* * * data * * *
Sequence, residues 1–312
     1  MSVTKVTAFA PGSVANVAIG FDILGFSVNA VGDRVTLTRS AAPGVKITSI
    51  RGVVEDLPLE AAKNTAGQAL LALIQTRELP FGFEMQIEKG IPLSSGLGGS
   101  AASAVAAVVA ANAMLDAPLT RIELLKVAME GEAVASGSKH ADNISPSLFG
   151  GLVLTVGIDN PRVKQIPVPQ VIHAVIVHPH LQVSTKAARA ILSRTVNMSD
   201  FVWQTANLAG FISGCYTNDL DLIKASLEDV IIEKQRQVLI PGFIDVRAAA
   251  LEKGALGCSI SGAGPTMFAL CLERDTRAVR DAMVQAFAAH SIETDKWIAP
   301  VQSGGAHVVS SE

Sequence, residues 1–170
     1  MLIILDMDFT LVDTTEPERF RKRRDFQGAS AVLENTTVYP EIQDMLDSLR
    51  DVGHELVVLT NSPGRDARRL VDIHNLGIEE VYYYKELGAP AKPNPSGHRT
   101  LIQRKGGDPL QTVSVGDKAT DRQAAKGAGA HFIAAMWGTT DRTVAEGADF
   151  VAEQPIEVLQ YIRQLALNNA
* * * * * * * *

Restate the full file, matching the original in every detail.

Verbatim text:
Sequence, residues 1–312
     1  MSVTKVTAFA PGSVANVAIG FDILGFSVNA VGDRVTLTRS AAPGVKITSI
    51  RGVVEDLPLE AAKNTAGQAL LALIQTRELP FGFEMQIEKG IPLSSGLGGS
   101  AASAVAAVVA ANAMLDAPLT RIELLKVAME GEAVASGSKH ADNISPSLFG
   151  GLVLTVGIDN PRVKQIPVPQ VIHAVIVHPH LQVSTKAARA ILSRTVNMSD
   201  FVWQTANLAG FISGCYTNDL DLIKASLEDV IIEKQRQVLI PGFIDVRAAA
   251  LEKGALGCSI SGAGPTMFAL CLERDTRAVR DAMVQAFAAH SIETDKWIAP
   301  VQSGGAHVVS SE

Sequence, residues 1–170
     1  MLIILDMDFT LVDTTEPERF RKRRDFQGAS AVLENTTVYP EIQDMLDSLR
    51  DVGHELVVLT NSPGRDARRL VDIHNLGIEE VYYYKELGAP AKPNPSGHRT
   101  LIQRKGGDPL QTVSVGDKAT DRQAAKGAGA HFIAAMWGTT DRTVAEGADF
   151  VAEQPIEVLQ YIRQLALNNA